In the Green?

After considering the negative impact that debt can have on firms such as Northern Rock and Evergrande, an investor may be wary of investing in this asset class or indeed in a firm that is using debt. In fact, debt used sensibly is beneficial for a firm and ultimately investors.

The main benefit from using debt is that interest payments are tax deductible, this means it lowers the amount of income that is taxed. Problems arise when firms take on too much debt, trying to take advantage of this “tax shield” without considering the possibility that they will be unable to meet their obligations.

Debt, compared to equity, is generally seen to be less risky and serves to provide a cushion during market downturns. We saw this during 2020, as equity markets declined, bond markets rose. It’s important to remember that although equity tends to steal the show, in fact, the total value of the global bond market ($123.5tr) is far higher than that of the global equity market ($105.8tr)[1].

As for the type of bonds, the market can be broadly split into corporate and government issuers and further segmented by many other attributes, including credit quality, inflation protection and maturity, to name but a few.

Over the last few years, investors’ concerns relating to Environmental, Social and Governance (ESG) factors have increased. In response to this, some firms and governments have issued “green” bonds. Essentially, these bonds are issued to finance projects that have a positive environmental benefit. Green bonds are a relatively new development in the bond market, with the first being launched in 2007 by the European Instrument Bank (EIB). Since then, the green bond market has seen exponential growth. Although this is impressive, green bonds still only make up a small fraction of the value of the total global bond market. However, recent events would suggest that green bonds will continue to increase in importance.

In September 2021, the UK government issued its first green bond, or “green gilt”. The UK is somewhat late to the government green bond market, compared to other countries; Poland launched the first government green bond back in 2016! Despite this, investors scrambled to purchase the new 12-year bond, with over £100bn of bids placed, this made it the highest ever for a UK government bond sale, which ordinarily does not attract so much attention. The government raised £10bn in total, which set a record as the largest inaugural green bond issuance by any government to date.[2]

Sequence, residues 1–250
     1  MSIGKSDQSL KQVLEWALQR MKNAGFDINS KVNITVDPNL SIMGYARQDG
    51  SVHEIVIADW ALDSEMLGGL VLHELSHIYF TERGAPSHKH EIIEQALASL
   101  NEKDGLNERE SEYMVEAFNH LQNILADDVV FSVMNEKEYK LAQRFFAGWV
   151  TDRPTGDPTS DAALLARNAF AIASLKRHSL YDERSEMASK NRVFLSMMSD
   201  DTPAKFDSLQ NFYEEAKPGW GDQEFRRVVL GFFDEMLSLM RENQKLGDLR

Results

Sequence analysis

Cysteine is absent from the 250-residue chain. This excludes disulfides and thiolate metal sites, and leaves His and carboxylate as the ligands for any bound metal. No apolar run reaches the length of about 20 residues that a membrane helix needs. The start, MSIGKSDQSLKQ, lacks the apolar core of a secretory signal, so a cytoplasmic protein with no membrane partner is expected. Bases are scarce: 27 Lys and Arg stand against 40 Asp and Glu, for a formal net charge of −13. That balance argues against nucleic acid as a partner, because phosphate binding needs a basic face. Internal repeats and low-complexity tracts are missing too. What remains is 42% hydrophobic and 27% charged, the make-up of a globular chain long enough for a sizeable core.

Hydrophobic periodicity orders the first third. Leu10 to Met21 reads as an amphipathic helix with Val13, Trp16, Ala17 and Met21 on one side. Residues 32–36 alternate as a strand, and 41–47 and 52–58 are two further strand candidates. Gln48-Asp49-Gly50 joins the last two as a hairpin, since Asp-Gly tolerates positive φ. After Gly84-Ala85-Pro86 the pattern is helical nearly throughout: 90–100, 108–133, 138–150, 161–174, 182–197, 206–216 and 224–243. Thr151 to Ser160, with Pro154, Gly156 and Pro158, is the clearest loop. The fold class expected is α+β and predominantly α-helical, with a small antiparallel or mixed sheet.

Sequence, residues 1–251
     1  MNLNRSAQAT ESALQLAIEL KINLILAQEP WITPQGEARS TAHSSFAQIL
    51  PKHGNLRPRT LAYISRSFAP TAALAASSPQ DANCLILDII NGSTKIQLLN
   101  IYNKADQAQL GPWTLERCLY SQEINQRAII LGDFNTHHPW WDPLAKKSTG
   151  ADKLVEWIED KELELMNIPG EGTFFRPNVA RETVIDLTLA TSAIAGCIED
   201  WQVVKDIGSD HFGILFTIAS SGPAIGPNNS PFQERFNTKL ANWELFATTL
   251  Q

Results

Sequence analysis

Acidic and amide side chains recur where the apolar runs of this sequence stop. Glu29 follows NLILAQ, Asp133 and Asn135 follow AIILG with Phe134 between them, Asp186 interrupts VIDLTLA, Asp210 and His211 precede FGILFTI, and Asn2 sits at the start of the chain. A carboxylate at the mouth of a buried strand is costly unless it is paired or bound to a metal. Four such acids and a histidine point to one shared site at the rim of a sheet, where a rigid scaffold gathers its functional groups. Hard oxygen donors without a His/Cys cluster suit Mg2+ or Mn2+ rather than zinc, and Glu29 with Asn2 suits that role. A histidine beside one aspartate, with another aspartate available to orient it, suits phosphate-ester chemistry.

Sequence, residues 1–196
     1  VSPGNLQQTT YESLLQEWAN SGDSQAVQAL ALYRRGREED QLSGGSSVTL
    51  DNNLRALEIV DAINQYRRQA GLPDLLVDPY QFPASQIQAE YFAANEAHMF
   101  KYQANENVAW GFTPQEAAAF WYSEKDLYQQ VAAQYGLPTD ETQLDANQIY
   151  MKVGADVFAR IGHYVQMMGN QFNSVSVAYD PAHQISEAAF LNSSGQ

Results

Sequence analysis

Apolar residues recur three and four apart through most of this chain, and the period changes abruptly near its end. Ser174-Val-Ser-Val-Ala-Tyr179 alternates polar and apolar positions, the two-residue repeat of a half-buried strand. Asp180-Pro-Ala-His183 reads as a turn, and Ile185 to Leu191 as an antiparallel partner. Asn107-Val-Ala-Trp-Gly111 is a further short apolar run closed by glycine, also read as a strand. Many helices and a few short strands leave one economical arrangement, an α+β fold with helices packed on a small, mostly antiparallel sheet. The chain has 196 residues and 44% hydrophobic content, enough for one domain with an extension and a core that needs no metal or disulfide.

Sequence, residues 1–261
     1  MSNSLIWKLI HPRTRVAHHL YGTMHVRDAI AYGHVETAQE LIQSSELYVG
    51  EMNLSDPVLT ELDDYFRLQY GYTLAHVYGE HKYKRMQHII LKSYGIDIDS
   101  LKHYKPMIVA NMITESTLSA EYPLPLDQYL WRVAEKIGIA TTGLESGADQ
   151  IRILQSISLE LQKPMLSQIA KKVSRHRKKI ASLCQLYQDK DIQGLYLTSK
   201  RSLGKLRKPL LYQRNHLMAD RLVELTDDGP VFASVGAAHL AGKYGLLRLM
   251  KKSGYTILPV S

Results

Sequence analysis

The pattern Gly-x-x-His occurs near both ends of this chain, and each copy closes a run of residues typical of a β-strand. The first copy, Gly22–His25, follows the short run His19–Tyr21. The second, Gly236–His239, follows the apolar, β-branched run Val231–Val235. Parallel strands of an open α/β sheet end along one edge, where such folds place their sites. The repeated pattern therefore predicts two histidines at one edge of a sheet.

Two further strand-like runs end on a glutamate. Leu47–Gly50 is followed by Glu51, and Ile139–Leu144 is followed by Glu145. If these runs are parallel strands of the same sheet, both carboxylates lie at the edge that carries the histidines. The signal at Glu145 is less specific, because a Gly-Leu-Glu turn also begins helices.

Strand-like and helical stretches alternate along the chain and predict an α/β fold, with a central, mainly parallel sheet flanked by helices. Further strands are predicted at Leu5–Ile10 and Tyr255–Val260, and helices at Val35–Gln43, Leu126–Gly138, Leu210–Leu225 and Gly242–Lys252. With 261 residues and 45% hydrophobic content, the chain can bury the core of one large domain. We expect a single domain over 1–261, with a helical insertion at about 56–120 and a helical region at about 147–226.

Corporate issuers are also increasingly taking note of the new demand. In Japan, Nippon Telegraph and Telephone, a telecom company recently announced plans to issue $2.7bn[3] of green bonds. This would be the largest single issuance of green bonds by a Japanese company to date. The firm plans to use the proceeds of the sales to help it meet its 2040 target of zero greenhouse gas emissions.

As societal awareness of ESG has increased, so has the demand for investments that take ESG factors into consideration. Governments and corporations have started to react, offering “green” investments, but as with all investments, it’s important to understand exactly what is being offered. So, thorough due diligence is required to ensure the investment really does deliver on expectations. We are looking forward to the opportunity to invest in government bonds that reflect ESG considerations and anticipate such funds will come to market as issuance increases.


Climate Bonds Initiative. (2021, October 6). Explaining Green Bonds. Retrieved from Climate Bonds Initiative:

Financial Times. (2021, September 21). UK’s debut ‘green gilt’ sale draws blockbuster demand. Retrieved from Financial Times:

Nikkei. (2021, October 5). Japan’s NTT to issue $2.7bn green bond to fund emission cuts. Retrieved from Nikkei Asia:

Securities Industry and Financial Markets Association (SIFMA). (2021). 2021 Capital Markets Fact Book. Retrieved from

[1] Securities Industry and Financial Markets Association (2021)

[2] Financial Times (2021)

[3] Nikkei Asia (2021)